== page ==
I’ve learned that when it comes to their children, most parents want what is best for them. This is true whether the parents are Christian, Muslim, Athiest, Agnostic, and so on. While at first some may be hesitant to talk about their stuff with a pastor or trusted friend, the inevitable crises we all experience eventually can soften their hearts, causing them to be more open to a conversation.

And that is all it really is at its core: a conversation. One person listening and asking helpful questions; the other sincerely dealing with the real issues they and their family face. I’ve done this with single parents and with couples, always with the aim of encouraging and blessing them.

I invite you to become a member of Kidology and download this free resource, plus taking advantage of all the other great discounts and free content. You may even discuss the content with me on the forums here.

remembering Jesus at the communion table


Glances around the table. Reclining in the custom of their day, the disciples were satisfied with their preparations. So much had happened since they first began following Jesus. Although most of them were still young, they had learned much, experienced much. Once again the Passover was upon them. Various conversations ebbed and flowed. They ate in that comfortable way which comes from three years of doing life together everyday. Some were relaxed; others, particularly Judas Iscariot, seemed furtive, restless.

Then Jesus interrupted their dinner conversation, stunning all of them into brief silence. “I tell you the truth, one of you will betray me.”

Each of them, one by one, asked, “Surely, you don’t mean me?” Judas was last to ask this question.

With certainty, Jesus replied, “You have said so.”

Awkwardly they continued to eat, the conversation now subdued. Jesus looked at them, tenderness in his eyes. He raised a loaf of bread. They looked at him expectantly, quieting their conversations. He gave thanks, broke the bread, and then passed it to them, saying, “Take and eat; This is my body.”

Quietly, they did so, pondering his words. What did he mean, this is my body? But he wasn’t finished speaking. Breaking into their thoughts, he reached for the cup of wine, gave thanks again, and then passed it to them, saying, “This is my blood of the covenant, which is poured out for many for the forgiveness of sins. I tell you, I will not drink from this fruit of the vine from now on until that day when I drink it new with you in my Father’s kingdom.”

More glances around the table. They each partook. Someone started singing a hymn. Not sure who, and not sure which one, but soon most joined in with full voice.

I wonder if their voices rang in Judas’s ears as he departed the scene, the song co-mingled with the penetrating memory of Jesus’ declaration that he would betray his master of three years.

The last supper of Jesus and his disciples reminds us of a few important things:

He wants us to remember his body, his blood each time we gather in community, and to do so bringing our brokenness to him and each other so that we may be forgiven and healed (Mt. 26:28).

He wants us to remember that there will come a day when all who choose to follow him will share with him and each other personally in his father’s kingdom (Mt. 26:29).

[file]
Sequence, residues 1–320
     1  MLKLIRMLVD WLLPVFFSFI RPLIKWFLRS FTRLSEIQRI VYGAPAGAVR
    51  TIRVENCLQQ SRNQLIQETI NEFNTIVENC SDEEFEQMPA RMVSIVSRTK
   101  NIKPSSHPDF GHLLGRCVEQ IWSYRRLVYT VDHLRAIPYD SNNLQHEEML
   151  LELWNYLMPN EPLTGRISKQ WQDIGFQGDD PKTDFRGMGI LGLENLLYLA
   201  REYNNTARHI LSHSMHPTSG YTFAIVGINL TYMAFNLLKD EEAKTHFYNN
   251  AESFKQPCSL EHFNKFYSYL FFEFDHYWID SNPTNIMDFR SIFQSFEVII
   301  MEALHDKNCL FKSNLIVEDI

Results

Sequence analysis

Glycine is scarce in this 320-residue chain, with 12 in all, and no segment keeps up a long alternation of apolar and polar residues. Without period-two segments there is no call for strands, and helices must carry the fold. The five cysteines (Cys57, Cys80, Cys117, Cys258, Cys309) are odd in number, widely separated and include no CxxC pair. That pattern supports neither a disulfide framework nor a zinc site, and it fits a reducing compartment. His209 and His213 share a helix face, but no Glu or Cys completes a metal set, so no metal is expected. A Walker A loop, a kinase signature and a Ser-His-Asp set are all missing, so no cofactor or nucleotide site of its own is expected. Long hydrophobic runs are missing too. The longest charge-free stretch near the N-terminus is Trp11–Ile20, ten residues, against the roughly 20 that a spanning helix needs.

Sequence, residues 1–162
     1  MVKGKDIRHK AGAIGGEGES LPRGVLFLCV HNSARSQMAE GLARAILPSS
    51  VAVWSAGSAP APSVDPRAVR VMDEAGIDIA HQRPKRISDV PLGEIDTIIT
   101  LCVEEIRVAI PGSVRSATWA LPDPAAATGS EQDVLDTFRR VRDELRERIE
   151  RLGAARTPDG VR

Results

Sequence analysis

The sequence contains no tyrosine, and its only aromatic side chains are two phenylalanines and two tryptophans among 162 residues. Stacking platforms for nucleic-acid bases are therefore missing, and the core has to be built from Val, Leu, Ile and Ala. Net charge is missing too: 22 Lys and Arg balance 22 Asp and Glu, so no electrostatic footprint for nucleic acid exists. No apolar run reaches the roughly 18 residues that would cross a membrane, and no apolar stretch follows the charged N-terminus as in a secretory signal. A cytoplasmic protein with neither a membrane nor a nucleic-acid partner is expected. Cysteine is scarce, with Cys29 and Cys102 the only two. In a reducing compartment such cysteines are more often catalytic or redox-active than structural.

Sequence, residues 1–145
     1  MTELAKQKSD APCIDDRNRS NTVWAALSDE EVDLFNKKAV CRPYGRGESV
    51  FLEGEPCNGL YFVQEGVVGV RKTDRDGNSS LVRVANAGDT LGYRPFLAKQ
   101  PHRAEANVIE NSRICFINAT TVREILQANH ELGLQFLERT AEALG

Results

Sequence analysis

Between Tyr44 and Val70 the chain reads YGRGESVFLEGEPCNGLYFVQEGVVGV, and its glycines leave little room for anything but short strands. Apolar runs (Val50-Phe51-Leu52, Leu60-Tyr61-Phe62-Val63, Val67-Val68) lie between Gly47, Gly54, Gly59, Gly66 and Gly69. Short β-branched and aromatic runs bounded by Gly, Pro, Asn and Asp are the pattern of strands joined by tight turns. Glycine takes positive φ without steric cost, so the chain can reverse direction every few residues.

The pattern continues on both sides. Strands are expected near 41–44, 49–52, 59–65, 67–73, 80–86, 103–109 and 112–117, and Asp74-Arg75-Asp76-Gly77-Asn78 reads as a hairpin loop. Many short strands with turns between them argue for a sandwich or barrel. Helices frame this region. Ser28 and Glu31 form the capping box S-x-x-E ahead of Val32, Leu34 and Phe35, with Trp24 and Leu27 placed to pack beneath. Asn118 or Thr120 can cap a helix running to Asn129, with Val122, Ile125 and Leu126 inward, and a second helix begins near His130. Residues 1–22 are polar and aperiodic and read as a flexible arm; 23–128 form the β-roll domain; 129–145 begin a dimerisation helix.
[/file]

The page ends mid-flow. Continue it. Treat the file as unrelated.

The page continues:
He wants YOU to remember he loves you. So much that he died for your sins in your place (Jn 3:16-18).

Quotes above taken from Matthew 26 (NIV).

Engaging Parents in Your Church in Conversation

Partnering with parents–wait…it’s not what you think. I’m not going to rattle off statistics, cliches and trite admonitions that we need to do better. Instead, I’m going to invite you to consider engaging parents in your church in conversation.

Kidology has graciously agreed to host my doctoral dissertation on its website. You may go directly to the download page here.

I won’t lie: it’s a dissertation, not a popular level book on church life. That said, I do define obscure terms in a brief glossary of terms within the dissertation. Also, the formatting of the work follows conventional scholarly protocols within my academic discipline. In other words, it may seem academic at some points, and downright dry at others.

Nevertheless, I happen to know there are gems contained therein. The literature review alone is worth the download. But of greater significance is where the study led me in terms of practical application: parent coaching.

Although I am no longer a Children’s Pastor or church leader of any kind, I continue to use the principles learned as I engage my neighborhood in mission. Don’t be put off by the title Praxis of Nurture in Small Churches. Praxis refers to truth discovered in action, as well as applied truth. It speaks to the necessary synthesis of theory and practical application and how they inform and impact each other in mutual process.

The reference to small churches was chosen against the advice of my primary reader. He thought I was unnecessarily limiting the impact of the work. He was probably right in some respects especially insofar as parent coaching truly can be beneficial to any size or type of church context. But I do not regret my decision because of the reasons stated in the body of the document which can be summed up as: small churches cannot always hire to their weaknesses so we need to think through how we might help families intentionally disciple their children without the aid of professionally trained specialists.